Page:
The official prediction has been Warriors in 6, but you never know what’s going to happen when LeBron is involved …

Game 1 is almost ready for tip. They bring the noise around here. #TheFinals #ROARacle

A photo posted by Sekou Smith (@sekou3000) on

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And you better believe Steph is locked in already …

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An interesting Game 1 tidbit …

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Maybe Kyrie was playing a little possum with us all about his injuries?

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Tell me again about experience not being a huge factor in The Finals … Cavs have the Warriors playing crazy ball right now!

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Cavaliers showed all the poise in the first quarter. Kept Oracle from turning into ROARacle in the first quarter, too.

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Shots fired!

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Warriors have no answer for Mozgov, right now …

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Warriors go with the pace and Speights attack to climb back into this game …

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A motley crew in the house, for sure!

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And just like that, we’re all tied up at 36-36

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Trading blows now. Back and forth and back and forth …

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JR Swish with the big bucket to send us to halftime with the Cavs up 51-48 … E-40 halftime show!

https://twitter.com/coachdavemiller/status/606644850339909632

E-40 on the mic at the half! #NBAFinals

A photo posted by NBA (@nba) on

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Right back to the action in the third. And the week off did Kyrie some serious good.

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Cleveland frontcourt is just on another level right now!

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Cavs have controlled the action for much of this game. Not sure they have a huge surge in them to stretch this lead, but someone does …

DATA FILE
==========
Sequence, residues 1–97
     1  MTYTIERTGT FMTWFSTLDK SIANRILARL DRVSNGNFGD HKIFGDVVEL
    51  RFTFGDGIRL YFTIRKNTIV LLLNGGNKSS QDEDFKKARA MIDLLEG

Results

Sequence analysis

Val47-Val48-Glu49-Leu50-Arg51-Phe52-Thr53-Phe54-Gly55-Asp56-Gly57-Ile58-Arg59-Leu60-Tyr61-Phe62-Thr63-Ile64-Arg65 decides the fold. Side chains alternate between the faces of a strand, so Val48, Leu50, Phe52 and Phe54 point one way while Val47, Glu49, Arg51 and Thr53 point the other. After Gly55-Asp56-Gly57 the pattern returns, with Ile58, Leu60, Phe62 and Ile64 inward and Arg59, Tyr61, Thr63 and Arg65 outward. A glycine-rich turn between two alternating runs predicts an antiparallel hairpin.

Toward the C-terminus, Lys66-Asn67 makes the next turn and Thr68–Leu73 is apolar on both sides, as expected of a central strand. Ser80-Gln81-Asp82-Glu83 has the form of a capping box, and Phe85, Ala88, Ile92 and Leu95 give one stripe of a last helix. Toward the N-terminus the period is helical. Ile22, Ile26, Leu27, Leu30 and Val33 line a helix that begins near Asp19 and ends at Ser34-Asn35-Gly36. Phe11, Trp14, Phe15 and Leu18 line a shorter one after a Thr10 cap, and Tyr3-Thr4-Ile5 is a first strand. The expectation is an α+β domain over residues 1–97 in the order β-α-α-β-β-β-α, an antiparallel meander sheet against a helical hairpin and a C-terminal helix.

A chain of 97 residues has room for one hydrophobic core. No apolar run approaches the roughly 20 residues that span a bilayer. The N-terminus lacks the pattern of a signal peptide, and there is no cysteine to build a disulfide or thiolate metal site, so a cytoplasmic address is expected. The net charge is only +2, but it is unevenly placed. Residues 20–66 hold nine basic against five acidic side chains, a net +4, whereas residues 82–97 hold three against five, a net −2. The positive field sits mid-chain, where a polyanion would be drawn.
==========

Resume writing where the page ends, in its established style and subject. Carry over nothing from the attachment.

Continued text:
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Draymond’s foul situation will be an issue in the fourth. Speights to the rescue?

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Tristan Thompson = $$$ with his every move in this postseason

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Great series even with the iso-LeBron offense in full effect for the Cavaliers. Tied at 73-73 after three …

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At leas the AC works!

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Game is being played at Cleveland’s desired pace, where iso plays for LeBron and Kyrie can be exploited. Still not sure I like that strategy from Blatt. But if it’s work for you, how do you go away from it?

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Whine Country!

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If the iso game works, why not?

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Even if you are anti-Iso, it’s hard to argue with the results. LeBron is controlling the action and keeping the Warriors from playing at their preferred pace. What do you do if you are Kerr?

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I say more Iggy!

@andre turns defense into the transition SLAM on ABC! #NBAFinals

A video posted by NBA (@nba) on

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Exactly!

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The only way to slow LeBron down …

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Draymond in foul trouble and a non-factor on the boards (3 rebounds) spells trouble in this game and in this series if this is more than just a one-night issue.

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LeBron with the dagger to tie it up at 96-96 … this game, his game!

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Yup!

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Selfish Steph goes for 40-plus, no?

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Mozgov and Bogut taking us back on #TBT

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Kyrie with the defensive play of the night?

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You had to know we would get at least five more minutes of the best Game 1 we’ve seen  since …

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Break between Games 1 and 2 will be cherished after this …

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Got worked a bit by LeBron, but still had the energy to come up big when needed …

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If Kyrie is done this series takes on a totally different look for the Cavaliers!

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And it’s a wrap for Game 1!

Numbers preview: The Finals


VIDEO: The Starters preview The Finals